Steve’s journey as a father and a volunteer photographer« back to news
Steve Rubin is a Volunteer Photographer for NILMDTS. But he is also a Dad and he is a Dad of loss. He is proud father to Michael who is twin to David who passed away at birth -Steve shares with us a bit about his sons, his journey with Michael and how he found his way to NILMDTS. And we are so grateful he found his way to us! We wish Steve and all the Daddies out there a peace, healing Father's Day!
November 27th 1988 was a day that would change my life forever and eventually bring me to Now I Lay Me Down to Sleep as a volunteer photographer. Our family was hit by a devastating tornado while my wife was 6 months pregnant with twins. Some 3 weeks later my wife started to have problems with the pregnancy and on Christmas Eve morning the twins were born 3 months early.
David and Michael were born, 25 weeks gestation, each weighing 1.5 pounds. David lived for only 6 hours while Michael, crying with all his might, kept fighting. Michael was transported to a Level 3 NICU and our journey begin.
Over the next 4 months, Michael struggled in the NICU, was diagnosed with Down's Syndrome, and conquered a number of significant medical issues that would affect him for the rest of his life.
Michael is now 26 years old. Though he is non verbal, he understands everything that is said to him. He speaks volumes with his expressions, and lights up a room when he smiles or laughs. His love for his younger sister, now 23, is seen with his large hugs for her, especially when he learned that she'd be moving up north as she started her professional life. He truly understands more than we give him credit and he has a lot to teach us.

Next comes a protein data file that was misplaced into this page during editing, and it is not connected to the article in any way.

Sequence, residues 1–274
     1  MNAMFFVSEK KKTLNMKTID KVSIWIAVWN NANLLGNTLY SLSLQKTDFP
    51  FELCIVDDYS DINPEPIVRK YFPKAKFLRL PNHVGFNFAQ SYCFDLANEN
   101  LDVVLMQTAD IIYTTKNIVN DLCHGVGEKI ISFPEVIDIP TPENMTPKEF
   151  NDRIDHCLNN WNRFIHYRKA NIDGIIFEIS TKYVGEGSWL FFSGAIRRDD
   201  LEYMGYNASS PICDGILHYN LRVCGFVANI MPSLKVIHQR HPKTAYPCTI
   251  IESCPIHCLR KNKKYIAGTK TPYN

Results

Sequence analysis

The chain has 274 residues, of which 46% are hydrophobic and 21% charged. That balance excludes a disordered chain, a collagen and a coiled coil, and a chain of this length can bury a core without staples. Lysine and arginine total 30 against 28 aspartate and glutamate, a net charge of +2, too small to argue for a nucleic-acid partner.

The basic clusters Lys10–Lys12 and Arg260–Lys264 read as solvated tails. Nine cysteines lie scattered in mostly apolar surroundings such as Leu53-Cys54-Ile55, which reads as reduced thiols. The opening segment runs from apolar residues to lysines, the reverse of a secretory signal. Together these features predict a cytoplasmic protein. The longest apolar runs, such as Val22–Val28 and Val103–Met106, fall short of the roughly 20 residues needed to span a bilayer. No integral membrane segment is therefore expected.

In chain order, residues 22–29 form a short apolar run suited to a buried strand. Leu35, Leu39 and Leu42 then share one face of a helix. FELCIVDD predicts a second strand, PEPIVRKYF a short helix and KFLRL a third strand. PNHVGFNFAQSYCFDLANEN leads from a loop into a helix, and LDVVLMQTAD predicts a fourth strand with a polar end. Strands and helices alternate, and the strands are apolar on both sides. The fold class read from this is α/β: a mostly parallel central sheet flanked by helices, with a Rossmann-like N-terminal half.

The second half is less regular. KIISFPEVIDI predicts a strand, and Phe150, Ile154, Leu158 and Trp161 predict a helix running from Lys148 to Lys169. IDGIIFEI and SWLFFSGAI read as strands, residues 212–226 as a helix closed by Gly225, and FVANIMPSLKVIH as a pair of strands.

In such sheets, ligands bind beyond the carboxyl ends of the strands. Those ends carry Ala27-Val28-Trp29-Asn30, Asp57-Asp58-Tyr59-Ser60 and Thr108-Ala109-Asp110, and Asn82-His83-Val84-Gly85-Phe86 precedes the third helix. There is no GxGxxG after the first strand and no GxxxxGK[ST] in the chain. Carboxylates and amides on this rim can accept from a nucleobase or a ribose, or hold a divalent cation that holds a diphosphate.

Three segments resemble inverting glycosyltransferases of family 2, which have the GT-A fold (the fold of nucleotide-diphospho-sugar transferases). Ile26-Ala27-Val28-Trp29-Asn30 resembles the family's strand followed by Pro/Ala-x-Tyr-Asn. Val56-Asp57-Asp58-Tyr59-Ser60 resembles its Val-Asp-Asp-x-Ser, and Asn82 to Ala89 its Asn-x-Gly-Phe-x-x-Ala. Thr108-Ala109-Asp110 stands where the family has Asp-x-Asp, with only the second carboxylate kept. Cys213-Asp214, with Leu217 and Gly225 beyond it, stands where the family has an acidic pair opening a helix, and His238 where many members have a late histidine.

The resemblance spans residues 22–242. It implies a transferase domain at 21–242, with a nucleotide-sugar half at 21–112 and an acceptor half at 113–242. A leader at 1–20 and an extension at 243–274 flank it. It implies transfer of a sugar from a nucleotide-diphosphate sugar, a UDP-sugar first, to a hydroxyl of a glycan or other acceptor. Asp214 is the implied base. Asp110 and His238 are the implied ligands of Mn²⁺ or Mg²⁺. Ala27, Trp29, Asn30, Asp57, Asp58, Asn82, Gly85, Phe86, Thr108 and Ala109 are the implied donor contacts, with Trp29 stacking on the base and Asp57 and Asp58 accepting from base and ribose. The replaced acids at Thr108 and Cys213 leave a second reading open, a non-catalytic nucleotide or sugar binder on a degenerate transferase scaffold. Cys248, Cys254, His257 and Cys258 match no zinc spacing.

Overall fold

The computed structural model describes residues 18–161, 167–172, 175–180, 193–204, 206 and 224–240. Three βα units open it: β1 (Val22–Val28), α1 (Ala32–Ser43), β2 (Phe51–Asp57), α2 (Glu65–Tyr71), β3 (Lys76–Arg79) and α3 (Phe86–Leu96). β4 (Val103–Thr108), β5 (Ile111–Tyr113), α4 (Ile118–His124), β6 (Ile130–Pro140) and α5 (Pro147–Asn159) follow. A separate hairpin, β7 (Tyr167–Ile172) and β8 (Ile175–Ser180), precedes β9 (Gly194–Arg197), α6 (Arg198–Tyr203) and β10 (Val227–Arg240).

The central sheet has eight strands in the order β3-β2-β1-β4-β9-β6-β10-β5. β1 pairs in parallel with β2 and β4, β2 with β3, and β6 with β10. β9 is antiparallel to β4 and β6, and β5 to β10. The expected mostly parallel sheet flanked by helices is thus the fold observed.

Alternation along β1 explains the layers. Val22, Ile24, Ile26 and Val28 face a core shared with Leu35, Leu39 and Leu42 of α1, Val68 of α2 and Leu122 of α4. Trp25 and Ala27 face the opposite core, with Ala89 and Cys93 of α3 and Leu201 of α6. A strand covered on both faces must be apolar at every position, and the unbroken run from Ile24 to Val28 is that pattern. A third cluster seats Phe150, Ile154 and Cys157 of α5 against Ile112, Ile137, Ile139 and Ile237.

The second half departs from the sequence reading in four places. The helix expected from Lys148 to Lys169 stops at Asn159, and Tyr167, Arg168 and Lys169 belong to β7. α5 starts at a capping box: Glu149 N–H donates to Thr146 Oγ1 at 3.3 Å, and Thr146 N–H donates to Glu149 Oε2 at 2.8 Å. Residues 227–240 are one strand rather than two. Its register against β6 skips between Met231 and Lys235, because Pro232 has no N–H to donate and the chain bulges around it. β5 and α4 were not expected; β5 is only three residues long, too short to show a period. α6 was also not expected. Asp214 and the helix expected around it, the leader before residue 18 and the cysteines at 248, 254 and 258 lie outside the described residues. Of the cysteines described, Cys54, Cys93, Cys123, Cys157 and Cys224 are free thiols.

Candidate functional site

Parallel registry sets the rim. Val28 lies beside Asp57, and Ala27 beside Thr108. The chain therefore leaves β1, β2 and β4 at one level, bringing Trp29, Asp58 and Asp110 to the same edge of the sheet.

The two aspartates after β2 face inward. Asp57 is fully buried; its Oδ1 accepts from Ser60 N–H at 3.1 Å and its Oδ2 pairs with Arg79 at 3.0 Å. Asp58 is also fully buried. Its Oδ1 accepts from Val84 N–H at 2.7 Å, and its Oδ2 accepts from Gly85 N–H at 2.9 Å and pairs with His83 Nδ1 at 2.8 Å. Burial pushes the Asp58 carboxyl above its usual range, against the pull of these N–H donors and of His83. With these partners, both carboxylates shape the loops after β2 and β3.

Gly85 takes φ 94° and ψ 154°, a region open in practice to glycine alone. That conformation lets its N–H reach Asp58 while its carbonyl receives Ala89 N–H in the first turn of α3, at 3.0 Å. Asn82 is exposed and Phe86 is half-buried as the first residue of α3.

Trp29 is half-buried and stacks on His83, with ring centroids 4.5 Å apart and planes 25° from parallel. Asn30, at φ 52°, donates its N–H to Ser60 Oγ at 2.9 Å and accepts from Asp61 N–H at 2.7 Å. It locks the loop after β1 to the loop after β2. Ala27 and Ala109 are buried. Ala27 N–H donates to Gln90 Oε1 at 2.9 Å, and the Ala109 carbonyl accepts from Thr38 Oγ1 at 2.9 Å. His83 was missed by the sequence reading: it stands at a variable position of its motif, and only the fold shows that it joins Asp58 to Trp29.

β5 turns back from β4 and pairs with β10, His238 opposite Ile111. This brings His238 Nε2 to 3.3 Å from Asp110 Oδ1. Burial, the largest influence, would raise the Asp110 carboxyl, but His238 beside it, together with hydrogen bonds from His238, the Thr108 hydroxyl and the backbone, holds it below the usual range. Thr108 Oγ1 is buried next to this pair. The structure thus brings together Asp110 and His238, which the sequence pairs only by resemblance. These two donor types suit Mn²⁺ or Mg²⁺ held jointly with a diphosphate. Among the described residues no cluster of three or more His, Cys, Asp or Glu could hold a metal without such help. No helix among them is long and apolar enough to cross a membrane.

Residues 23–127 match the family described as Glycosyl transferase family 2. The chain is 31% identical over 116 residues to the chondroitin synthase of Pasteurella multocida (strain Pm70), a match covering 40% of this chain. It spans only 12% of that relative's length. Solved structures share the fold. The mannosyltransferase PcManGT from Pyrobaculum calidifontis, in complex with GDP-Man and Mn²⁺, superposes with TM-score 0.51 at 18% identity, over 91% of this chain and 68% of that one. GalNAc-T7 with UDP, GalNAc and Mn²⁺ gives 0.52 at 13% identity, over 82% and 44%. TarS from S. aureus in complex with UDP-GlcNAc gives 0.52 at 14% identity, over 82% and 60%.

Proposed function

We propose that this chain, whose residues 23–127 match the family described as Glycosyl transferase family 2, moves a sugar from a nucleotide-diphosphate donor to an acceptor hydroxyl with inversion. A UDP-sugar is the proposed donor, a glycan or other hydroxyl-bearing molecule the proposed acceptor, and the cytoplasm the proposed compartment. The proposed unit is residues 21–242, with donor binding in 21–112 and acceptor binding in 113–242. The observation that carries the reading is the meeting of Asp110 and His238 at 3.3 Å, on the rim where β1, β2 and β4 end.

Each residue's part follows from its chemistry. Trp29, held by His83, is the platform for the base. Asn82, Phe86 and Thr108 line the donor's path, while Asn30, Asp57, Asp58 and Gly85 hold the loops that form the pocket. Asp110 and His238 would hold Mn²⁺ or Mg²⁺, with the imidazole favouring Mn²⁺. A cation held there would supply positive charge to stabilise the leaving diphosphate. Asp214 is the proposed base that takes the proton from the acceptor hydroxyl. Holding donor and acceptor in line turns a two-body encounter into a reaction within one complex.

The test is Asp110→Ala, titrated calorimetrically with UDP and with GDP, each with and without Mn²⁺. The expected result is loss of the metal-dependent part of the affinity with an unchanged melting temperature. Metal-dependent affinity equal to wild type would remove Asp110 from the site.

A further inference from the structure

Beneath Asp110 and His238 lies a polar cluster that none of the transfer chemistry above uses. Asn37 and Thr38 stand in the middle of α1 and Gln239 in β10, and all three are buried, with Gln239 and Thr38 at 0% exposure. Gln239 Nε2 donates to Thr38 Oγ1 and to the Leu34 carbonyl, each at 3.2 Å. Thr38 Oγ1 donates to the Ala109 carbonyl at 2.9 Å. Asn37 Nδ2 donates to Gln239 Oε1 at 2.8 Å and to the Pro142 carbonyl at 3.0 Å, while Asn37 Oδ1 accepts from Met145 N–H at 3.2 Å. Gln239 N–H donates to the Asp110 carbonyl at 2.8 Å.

As I went through this journey with Michael, I found myself asking, "why did this happen to me?". I had to believe that there was a reason, I just didn't know what it was at that time. Then it happened. I found the answer to that nagging question.
One day in 2010, I was listening to an NPR story about Now I Lay Me Down to Sleep. All my life I've been a photographer (though not my primary profession). As an advanced amateur I felt that I brought good photography skills to bear, but more importantly, I knew personally what it was like to be on the other side of these kinds of situations. I hoped that this combination of skills and life experiences would be seen as an asset. So I applied and was accepted.
As part of the team in the Central NC area, I've now done 24 sessions since I joined. I've had the privilege of helping many families through their grief with the services we provide stay in contact with some families.